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By Omar Ford

Staff Writer

SAN FRANCISCO – Abbott Laboratories came off a blockbuster year in 2016 filled with acquisitions, divestitures and lawsuits. Executives of the company took to the podium during the 35th annual J.P. Morgan Healthcare conference to give a look back to last year and to provide a prelude of what lies ahead in 2017.

Abbott emphasized how the recently completed $25 billion acquisition of St. Paul, Minn.-based St. Jude Medical Inc. was a turning point for the company. (See Medical Device Daily, Jan. 5, 2017.)

"With the acquisition of St. Jude, Abbott will now compete in nearly every area of the $30 billion cardiovascular device market and hold number one or number two positions across several large and high-growth markets," said Brian Yoor, Abbott's senior vice president and CFO. "Abbott now becomes the clear global leader in the rapidly growing area of the left ventricle assist devices with heart rate along with other important new heart failure products," Yoor said.

The company's goal over the next year will be to push St. Jude's growth to the mid-single digits. Larry Biegelsen, an analyst with Wells Fargo, said two key FDA approvals could go toward helping Abbott accomplish this goal.

"Abbott believes that FDA approval of St. Jude's MRI-safe pacemaker is imminent, while the MRI-safe ICD (implantable cardioverter defibrillator) is on track for mid-year approval," Biegelsen said. "We expect the launch of these new devices to strengthen Abbott's competitive position in the cardiac rhythm management market."

But the company's pacemaker approval aspirations suffered somewhat. Earlier this week, it was reported the Australia's Therapeutic Goods Association issued a warning and halted the Nanostim Leadless II IDE/CAP clinical study due to battery malfunctions. Abbott said that 0.5 percent of the implanted Nanostim Leadless cardiac pacemakers have experienced battery malfunction. The study is being conducted at 56 centers in the U.S., Canada and Australia.


The acquisition wasn't a layup for either Abbott or St. Jude. Both companies have run into a rash of issues since the acquisition was announced. (See Medical Device Daily, April 29, 2016.)

Abbott spent the better part of 2016 trying to close the St. Jude deal but ran into a few stumbling blocks along the way. Notably, the Abbott Ill.-based company had to settle concerns from the Federal Trade Commission, who said the combined company would control a significant percentage of the vascular closure device market. The deal was green lit after the FTC accepted a proposal from the divestiture of St. Jude's vascular closure device business and Abbott's steerable sheath business to Tokyo-based Terumo Corp. (See Medical Device Daily, Dec. 30, 2016.)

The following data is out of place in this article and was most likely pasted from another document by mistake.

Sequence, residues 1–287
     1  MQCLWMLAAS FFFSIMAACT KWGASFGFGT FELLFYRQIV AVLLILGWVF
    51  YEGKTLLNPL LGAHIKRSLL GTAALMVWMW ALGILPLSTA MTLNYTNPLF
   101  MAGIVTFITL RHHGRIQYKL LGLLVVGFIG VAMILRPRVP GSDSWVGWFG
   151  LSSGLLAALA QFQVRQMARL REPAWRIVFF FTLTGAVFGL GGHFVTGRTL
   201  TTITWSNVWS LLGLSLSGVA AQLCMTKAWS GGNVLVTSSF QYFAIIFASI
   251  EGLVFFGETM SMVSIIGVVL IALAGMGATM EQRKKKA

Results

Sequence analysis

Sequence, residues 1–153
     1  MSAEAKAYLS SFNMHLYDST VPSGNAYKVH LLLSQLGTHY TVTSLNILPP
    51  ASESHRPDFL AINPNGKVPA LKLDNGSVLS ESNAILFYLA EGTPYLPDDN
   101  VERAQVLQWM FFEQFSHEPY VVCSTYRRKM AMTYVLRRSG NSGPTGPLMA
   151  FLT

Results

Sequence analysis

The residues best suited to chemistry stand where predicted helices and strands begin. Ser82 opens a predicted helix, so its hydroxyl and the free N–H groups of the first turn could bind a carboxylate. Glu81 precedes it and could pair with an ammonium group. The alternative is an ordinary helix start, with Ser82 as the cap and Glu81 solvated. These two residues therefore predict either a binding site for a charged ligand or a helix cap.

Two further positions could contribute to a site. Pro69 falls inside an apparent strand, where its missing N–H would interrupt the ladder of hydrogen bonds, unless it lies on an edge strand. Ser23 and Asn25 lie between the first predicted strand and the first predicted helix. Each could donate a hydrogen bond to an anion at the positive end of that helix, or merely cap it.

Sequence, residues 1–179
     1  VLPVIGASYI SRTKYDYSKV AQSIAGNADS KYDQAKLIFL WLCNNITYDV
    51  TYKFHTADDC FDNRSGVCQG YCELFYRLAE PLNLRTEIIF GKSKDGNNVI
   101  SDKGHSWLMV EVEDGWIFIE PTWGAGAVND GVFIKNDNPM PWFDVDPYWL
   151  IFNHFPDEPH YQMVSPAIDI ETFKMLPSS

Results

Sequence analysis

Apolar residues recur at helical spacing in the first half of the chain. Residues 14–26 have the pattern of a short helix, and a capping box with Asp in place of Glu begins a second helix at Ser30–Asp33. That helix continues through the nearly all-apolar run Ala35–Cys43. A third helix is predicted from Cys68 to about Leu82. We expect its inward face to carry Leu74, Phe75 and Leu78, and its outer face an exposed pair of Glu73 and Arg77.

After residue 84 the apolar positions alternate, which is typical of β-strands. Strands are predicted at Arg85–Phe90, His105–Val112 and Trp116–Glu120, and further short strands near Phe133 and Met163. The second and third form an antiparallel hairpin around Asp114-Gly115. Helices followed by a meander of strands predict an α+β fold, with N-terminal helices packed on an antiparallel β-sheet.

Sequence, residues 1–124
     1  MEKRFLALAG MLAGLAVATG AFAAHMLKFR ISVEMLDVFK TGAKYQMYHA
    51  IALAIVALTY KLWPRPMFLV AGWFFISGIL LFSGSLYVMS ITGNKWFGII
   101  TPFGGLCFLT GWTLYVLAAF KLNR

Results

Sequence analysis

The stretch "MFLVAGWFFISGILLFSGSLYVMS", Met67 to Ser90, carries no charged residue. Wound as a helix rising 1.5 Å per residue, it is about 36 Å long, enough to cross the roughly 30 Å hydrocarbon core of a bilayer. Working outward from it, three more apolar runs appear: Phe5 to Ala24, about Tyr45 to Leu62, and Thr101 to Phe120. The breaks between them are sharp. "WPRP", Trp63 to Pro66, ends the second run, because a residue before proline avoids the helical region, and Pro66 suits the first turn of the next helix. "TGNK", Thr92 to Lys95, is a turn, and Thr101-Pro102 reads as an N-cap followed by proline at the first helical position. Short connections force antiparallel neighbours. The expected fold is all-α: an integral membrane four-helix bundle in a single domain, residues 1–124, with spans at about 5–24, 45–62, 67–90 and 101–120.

St. Jude Medical has been embroiled in controversy of its own since the merger proposal was made public. In August short-seller Muddy Waters and research firm Medsec Holdings said that St. Jude's heart devices were susceptible to cyber-attacks. St. Jude denied the allegations. However, earlier this week, Abbott released cyber security updates for its St. Jude heart devices from a recommendation of The Department of Homeland Security's Industrial Control Systems Cyber Emergency Response Team.

The updates addressed hacking vulnerabilities in the firm's system. The measure came several months after the U.S. government launched a probe into claims the devices were vulnerable to potentially life-threatening hacks. These hacks could cause implanted devices to pace at potentially dangerous rates or cause them to fail by draining their batteries. Federal agencies said that to date there weren't any actual reports of hacking.


One of the biggest lingering issues from 2016 is Abbott's $5.8 billion bid to acquire diagnostics-maker Alere Inc. Abbott executives provided little comment or insight on the troubled deal when questioned about it at the J.P. Morgan Healthcare Conference.

In December, Abbott cited a series of what it called "damaging business developments"that the Waltham, Mass.-based company has suffered since the agreement was signed in late January.

Alere lost its billing privileges for a substantial division, has suffered a permanent recall of an important product platform, has been through multiple government subpoenas – including two criminal subpoenas – delayed filing its annual 10k report by five months, and admitted to internal control failures requiring restatement of its 2013 to 2015 financials. (See Medical Device Daily, Dec. 8, 2016.)

Despite these problems, analysts said that there should not be any issues that impact the company's upcoming guidance forecast.

"We believe that Abbott's 2016 outlook remains intact and the stand-alone underlying business will grow earnings per share about 10 percent in 2017," Biegelsen said. "Management has done a good job of outlining the key headwinds and tailwinds in 2017, and there should be no major surprises in the guidance."

Published  January 12, 2017

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